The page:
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Fantasy Adventure Funny

The morning haze was gone, and the usual humid heat was coming. The sultry sky had taken on the colour of the faded blue overalls issued to the working class in factories and plants. The asphalt was melting. Minimarkets, with their colourful windows, beckoned for fruit and vegetables. Young girls wandered back and forth in lightweight shirts and shorts. But I wasn't tempted. I was not in the mood to store, to lust after the beautiful sex, or to kill my health under the southern Israeli sun. At home, we have air conditioning and the kind of peace we only dream of. In the evening, I took Miriam out to dinner at a fish restaurant in Jaffa, where we had been and really enjoyed it. The sea had already calmed down at this evening hour, preparing for bed, a fresh breeze was still blowing, and the sun was illuminating the rocky shore. The waves rolled in one by one, breaking against the breakwater into a myriad of glittering splashes. What an amazing sunset I'd never seen anywhere else: the horizon like a strip of red gold, with the seagulls circling in an intricate dance. It was dinner time, too.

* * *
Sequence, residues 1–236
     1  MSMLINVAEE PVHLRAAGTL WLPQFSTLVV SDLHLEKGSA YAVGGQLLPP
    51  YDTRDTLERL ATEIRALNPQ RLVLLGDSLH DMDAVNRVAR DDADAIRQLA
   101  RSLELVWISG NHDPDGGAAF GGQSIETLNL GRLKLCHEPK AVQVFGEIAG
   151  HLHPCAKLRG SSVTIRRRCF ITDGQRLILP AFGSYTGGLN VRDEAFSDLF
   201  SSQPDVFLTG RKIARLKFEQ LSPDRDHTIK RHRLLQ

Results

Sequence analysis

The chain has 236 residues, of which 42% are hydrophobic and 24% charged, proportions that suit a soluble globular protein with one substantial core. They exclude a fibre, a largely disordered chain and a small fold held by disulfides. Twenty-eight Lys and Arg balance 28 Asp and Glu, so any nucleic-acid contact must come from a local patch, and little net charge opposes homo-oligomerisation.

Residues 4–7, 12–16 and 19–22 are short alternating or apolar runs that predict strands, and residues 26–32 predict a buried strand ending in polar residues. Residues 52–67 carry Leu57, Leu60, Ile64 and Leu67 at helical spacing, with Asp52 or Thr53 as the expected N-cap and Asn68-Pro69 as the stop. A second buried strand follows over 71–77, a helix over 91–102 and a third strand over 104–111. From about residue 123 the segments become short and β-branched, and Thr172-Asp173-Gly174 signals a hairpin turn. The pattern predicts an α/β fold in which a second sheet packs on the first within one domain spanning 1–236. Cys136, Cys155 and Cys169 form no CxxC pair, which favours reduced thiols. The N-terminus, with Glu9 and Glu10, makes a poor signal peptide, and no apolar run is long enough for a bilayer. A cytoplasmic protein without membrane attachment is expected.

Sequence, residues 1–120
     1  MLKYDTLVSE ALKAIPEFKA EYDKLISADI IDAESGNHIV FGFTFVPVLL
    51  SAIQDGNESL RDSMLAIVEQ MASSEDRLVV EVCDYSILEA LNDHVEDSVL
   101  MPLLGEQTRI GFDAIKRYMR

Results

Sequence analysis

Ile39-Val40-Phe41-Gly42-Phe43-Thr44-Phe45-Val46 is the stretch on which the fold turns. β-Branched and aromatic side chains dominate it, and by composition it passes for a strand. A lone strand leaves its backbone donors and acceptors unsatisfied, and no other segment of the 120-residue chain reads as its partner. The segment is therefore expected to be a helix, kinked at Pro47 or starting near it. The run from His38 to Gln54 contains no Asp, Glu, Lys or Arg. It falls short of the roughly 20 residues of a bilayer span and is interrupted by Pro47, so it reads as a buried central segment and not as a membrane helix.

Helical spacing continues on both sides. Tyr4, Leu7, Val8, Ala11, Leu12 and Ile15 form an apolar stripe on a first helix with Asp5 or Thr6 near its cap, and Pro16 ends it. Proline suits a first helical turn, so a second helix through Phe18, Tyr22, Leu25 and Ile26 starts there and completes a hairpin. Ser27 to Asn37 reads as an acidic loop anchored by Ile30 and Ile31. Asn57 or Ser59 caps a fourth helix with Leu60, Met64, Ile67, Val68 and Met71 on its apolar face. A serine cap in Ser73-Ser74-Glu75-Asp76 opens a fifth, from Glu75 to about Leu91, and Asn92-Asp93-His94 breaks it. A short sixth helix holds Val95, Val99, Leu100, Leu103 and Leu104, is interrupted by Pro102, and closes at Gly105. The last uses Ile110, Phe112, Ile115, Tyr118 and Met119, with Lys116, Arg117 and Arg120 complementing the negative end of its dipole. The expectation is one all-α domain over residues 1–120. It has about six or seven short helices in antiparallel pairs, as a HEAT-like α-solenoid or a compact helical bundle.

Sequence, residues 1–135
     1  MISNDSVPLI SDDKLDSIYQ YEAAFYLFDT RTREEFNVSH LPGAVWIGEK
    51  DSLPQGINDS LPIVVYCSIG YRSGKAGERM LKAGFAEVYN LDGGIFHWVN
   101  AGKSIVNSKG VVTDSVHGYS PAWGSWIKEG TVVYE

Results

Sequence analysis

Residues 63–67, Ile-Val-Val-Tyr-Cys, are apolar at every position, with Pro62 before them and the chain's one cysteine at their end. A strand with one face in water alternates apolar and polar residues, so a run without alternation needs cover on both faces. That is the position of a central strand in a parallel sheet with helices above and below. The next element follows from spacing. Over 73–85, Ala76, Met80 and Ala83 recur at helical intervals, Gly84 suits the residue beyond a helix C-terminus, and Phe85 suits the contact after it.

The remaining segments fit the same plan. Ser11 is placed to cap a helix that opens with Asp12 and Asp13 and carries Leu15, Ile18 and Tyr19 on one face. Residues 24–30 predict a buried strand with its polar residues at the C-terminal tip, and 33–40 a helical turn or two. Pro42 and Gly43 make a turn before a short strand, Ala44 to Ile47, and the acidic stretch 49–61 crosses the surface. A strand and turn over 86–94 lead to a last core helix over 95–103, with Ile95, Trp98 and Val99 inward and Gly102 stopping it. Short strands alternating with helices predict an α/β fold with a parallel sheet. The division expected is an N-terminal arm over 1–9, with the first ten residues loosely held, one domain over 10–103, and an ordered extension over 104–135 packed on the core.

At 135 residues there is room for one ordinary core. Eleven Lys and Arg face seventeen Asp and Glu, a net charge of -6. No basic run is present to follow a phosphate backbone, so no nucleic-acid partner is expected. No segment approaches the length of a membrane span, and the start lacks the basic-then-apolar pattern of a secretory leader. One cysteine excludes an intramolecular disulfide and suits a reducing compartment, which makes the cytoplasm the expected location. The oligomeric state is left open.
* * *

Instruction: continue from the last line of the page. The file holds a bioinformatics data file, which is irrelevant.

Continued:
The food was delicious, no doubt, but my thoughts were far away. What's next? What would the ending be? Anything could happen to me, much less my informant agents. The police might pick up on me. They might simply disappear, as people disappear on the streets. As the song goes: and no one will ever know where your grave is. According to the scenario, which has developed in my head but is still raw, at X hour, I have to warn London about a possible failure and the fact that one of the informants was a traitor and betrayed the whole group.

- What are you thinking about? - Miriam asked. - Why are you so quiet as a rainy day? Are you grieving?

- She said to him. Did you study Pushkin in school, too? I was thinking of the pilot.

The smooth blue-green surface of the bay in front of the restaurant was filled with small fishing boats, Arabian dhows with gasoline engines and sails. The fishermen had just returned, and it was evident that the catch was not rich. Tomorrow morning, early in the morning, out to sea again. Maybe we'll get lucky.

- Pilot? What pilot? Why are you worried about him?

- Didn't I tell you?

- You don't tell me much about what you do.

- He's one of the repatriates. Unemployed. The boss fired him. He said: "Lech abayta"... (go home, - Hebrew.).